Curated by Patricia Fernández Esquivel
September, 2013 – April, 2015
Between Burial and Ritual: Tripod Bowls of the Costa Rican Central Caribbean, comprised 70 bowls made by inhabitants in the Costa Rican Central Caribbean from 300 BC to 800 AD. Remains of these objects were primarily funerary offerings, a trait that gave rise to the decision of focusing on funerary rituals in this exhibit.
This exhibition sought, first and foremost, to acquaint the general public with the Museums’ tripod bowl collection and showcase its significant value. These objects now serve as material evidence of their context, of the funerary rituals themselves, and the amazing talent of pre-Columbian artisans.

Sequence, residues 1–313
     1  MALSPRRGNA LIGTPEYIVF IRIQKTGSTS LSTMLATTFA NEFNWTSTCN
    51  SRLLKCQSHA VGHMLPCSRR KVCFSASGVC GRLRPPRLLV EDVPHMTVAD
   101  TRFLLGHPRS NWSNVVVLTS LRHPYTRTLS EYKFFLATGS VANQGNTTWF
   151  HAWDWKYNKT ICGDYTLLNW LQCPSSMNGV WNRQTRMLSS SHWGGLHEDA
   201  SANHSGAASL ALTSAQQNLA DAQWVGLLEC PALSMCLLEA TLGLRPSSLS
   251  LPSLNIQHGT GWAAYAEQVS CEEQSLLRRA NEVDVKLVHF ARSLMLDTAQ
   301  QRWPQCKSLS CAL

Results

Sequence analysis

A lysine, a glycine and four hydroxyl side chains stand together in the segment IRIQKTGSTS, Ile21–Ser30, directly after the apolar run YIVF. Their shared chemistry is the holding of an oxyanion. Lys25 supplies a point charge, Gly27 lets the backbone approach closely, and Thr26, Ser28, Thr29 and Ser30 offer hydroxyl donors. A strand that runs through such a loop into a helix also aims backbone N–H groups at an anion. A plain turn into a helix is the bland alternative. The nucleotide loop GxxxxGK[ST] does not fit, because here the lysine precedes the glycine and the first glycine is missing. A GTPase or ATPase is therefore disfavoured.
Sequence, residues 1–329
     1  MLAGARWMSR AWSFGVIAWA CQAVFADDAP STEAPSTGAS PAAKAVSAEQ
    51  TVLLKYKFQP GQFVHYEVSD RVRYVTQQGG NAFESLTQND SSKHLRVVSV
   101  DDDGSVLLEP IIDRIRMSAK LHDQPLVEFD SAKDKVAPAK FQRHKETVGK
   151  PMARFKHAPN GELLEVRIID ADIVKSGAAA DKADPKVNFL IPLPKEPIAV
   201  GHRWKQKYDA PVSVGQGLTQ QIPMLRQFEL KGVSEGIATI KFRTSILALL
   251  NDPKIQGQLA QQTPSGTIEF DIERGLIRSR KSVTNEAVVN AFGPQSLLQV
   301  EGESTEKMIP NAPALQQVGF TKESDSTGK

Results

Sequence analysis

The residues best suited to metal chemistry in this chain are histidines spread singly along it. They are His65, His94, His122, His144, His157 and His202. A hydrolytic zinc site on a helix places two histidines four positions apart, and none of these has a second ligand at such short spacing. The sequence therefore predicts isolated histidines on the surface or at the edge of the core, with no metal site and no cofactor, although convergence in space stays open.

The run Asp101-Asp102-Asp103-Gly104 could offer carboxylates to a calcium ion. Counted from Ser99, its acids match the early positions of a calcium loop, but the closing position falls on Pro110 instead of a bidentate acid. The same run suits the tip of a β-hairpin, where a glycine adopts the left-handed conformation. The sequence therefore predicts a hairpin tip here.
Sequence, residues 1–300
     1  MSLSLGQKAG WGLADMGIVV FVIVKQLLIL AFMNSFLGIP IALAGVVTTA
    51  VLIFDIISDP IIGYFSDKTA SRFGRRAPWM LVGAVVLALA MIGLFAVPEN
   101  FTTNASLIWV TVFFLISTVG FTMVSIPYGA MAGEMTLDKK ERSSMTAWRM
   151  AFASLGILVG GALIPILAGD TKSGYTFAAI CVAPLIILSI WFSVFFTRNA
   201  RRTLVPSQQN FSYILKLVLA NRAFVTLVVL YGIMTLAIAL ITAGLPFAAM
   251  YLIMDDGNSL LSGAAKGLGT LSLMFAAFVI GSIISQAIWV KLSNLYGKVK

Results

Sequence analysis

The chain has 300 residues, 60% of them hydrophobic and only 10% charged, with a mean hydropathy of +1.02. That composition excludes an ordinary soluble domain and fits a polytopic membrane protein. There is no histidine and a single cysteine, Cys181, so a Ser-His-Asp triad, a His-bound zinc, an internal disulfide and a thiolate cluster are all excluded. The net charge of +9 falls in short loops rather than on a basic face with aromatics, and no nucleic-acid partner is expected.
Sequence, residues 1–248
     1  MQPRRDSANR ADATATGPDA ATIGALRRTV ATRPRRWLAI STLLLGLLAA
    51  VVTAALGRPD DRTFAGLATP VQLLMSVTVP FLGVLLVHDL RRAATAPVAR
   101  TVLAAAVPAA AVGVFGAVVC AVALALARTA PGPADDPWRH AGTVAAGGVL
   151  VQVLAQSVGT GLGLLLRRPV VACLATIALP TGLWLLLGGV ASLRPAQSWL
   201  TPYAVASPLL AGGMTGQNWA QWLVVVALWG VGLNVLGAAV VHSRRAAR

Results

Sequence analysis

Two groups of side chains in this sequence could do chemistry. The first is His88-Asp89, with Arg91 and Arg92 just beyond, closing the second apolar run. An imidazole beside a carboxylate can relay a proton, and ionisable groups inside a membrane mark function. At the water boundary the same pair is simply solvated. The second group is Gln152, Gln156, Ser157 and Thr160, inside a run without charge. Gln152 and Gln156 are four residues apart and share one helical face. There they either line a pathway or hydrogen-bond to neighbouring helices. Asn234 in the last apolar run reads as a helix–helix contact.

The bowls showcased were manufactured and used in different chronological periods corresponding to El Bosque (300 BC.-300 AD) and La Selva (300-800 d.C.) cultural phases. The tour described the contexts in order to acquaint the public with the social organization and the development of ritual activity, particularly those relating to death.
The exhibit displayed two different types of ceramic tripod bowls: the Ticabán (300 a.C-300 AD) and the África (300-800 AD). These bowls were known for their differences in form, as well as for the many representations modeled on them, the majority of which were fauna, but also human beings linked to rituals, or death itself.